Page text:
Let’s look at the very first bar chart I ever made in Tableau.

While it isn’t the worst bar chart that has ever graced your eyes, it could definitely use improvement. Here are a few of the things you should consider,

Purpose

Bar charts are typically used to compare values of magnitude (size). This means that bar charts are most effectively used when comparing two or more values. In most cases, the values are different bars on the same graph. Alternatively, bars can be compared to a reference line. The purpose of this chart was purely to show the relative nutritional composition of a Large Big Mac Meal.

Then what purpose do each of these bars fulfill on this chart? Do we really need a dual axis ? The answer is No. The Energy bar ruins the scale of the chart, and a dual-axis was employed in an attempt to maintain the scale. However, since you cannot compare unrelated units (kJ vs grams), comparisons between these bars cannot be inferred. So, lets remove the Energy bar.

Colour

Colour can be used in two main ways:

  • Informational colour choice – used to add or highlight information. In the case below, the viewer’s attention is drawn to protein over carbohydrates or fat.

  • Stylistic colour choice – used to to improve aesthetics. In the case below, colour relates to a logical source of the component in the burger (orange=bun, brown=meat patty, yellow=cheese). Therefore, colour is used both to improve aesthetics but also helps the viewer relate to each nutritional component.

Labels

Labels are one of the easiest ways to convey specific information such as exact values on a bar chart. In this case, although the values of each bar are displayed on the label, the units are not. This makes the viewer have to look in two places for one piece of information. In addition, this label alignment decreases readability and renders the bar component of the bar chart useless. Lets change that.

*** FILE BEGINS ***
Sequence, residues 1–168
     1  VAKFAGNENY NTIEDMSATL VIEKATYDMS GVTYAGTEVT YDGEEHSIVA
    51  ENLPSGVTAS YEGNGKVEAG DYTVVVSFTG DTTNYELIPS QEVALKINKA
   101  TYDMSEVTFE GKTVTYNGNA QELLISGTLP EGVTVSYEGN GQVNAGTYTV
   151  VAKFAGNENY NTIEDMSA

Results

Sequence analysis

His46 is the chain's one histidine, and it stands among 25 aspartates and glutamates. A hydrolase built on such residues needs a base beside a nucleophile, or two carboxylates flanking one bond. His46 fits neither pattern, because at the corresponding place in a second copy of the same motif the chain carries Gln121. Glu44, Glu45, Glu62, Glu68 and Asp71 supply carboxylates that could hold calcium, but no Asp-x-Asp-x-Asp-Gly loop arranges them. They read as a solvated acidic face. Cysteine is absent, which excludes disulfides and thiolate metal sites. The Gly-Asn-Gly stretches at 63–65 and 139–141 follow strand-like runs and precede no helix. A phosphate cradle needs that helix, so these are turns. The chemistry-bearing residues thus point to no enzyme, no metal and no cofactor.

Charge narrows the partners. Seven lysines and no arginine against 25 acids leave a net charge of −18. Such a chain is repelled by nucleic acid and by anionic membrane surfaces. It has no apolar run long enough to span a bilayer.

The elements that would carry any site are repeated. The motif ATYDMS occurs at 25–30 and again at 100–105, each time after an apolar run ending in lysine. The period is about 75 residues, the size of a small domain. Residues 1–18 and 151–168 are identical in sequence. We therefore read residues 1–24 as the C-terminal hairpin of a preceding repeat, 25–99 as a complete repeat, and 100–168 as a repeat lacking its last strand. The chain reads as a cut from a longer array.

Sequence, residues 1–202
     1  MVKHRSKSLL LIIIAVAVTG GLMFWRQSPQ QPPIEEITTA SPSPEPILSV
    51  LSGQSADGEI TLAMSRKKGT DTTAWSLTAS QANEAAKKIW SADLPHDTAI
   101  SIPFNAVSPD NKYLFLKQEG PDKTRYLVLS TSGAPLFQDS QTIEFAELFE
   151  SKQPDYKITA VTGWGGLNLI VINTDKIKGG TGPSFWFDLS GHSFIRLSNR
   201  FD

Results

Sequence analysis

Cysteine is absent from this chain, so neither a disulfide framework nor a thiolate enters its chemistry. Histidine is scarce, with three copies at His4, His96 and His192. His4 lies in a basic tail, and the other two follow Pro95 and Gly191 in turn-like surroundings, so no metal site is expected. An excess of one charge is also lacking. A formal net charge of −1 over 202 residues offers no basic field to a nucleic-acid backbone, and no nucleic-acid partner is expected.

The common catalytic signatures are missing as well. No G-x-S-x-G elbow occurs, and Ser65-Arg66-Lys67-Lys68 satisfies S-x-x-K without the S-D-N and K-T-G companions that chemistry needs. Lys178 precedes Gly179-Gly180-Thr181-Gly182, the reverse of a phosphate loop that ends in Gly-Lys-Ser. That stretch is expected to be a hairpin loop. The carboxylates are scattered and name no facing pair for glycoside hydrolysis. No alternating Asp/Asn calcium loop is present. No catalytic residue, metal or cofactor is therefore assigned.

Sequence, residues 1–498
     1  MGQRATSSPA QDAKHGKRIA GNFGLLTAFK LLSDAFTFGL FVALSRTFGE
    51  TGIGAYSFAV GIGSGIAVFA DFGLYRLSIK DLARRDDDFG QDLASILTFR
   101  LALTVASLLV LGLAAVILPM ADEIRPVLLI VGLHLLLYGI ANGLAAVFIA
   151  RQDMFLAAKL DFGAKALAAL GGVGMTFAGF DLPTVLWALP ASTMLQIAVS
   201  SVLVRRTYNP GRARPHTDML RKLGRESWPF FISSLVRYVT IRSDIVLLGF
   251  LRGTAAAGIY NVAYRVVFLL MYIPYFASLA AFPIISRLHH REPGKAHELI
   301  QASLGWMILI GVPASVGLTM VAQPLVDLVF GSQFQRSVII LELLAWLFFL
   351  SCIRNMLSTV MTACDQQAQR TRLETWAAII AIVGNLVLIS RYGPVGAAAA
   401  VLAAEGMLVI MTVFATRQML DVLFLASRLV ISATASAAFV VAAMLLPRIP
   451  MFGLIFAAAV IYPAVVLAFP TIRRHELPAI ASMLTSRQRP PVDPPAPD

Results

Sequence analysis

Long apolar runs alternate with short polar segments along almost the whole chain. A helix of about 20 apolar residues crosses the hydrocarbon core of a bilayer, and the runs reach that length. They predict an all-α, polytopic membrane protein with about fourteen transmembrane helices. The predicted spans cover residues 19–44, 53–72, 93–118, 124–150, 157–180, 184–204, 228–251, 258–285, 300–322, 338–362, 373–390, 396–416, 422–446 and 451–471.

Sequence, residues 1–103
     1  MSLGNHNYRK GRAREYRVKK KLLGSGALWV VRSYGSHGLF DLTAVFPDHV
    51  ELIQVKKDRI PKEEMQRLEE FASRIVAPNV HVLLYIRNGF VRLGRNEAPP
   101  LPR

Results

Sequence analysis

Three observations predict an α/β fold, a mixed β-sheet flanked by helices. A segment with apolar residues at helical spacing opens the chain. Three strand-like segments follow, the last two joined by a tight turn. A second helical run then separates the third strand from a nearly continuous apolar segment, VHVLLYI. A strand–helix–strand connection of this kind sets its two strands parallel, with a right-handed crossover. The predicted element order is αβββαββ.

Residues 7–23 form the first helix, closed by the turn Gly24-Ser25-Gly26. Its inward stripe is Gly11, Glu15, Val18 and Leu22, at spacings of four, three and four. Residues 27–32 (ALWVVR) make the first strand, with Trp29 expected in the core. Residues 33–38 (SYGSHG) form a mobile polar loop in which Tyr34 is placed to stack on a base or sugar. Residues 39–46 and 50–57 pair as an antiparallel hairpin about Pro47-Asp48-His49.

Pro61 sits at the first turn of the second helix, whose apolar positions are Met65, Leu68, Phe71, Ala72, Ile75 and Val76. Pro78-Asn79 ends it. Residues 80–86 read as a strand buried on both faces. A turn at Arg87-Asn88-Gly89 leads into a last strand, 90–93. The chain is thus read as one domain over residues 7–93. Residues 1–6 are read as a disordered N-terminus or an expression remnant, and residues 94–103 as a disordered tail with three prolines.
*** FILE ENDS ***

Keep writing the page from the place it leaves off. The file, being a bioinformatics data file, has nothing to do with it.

Axis/Gridlines

In the current chart, the gridlines add unnecessary clutter. A gridline is most useful in charts with several bars of varying magnitudes that need to be compared to an axis tick. However, since there are only a few bars and we now have labels, neither the gridlines nor the axis ticks are necessary to estimate bar value.

Miscellaneous Changes

  • Improve title/subtitle for the chart to provide context
  • Increase the font size to match bar width

BEFORE…

AFTER

Notable Improvements

  • It is easier to understand the relative proportions of carbohydrates/ protein/ and fat in a Large Big Mac Meal
  • Colours are within a smaller palette and more congruous with likely component sources within a burger
  • Clutter has been removed
  • Accompanying text better explains the contents of the graph and provides context to the viewer

 

CONCLUSION

Despite how simple they are, bar charts are very easy to get wrong. Consider how each component of your bar chart affects how your viewer experiences and digests the information you provide to them.

Kevin Prescilla
Author: Kevin Prescilla

As a late-stage PhD candidate, Kevin’s appreciation for data analytics grew during his studies into poultry nutrition, or as he calls it, “chickens”. It was this appreciation which spurred his decision to change career paths and ultimately led him to apply to the Data School. In his spare time he enjoys powerlifting – ever challenging himself to beat his last max weight - as well as all kinds of gaming, from board to PC. If Kevin could go anywhere in the world, where would it be and why? Well, the answer is Antarctica, as he is fascinated with how people can live and survive down there (although some might argue because it’s the furthest place you can go on Earth from a chicken).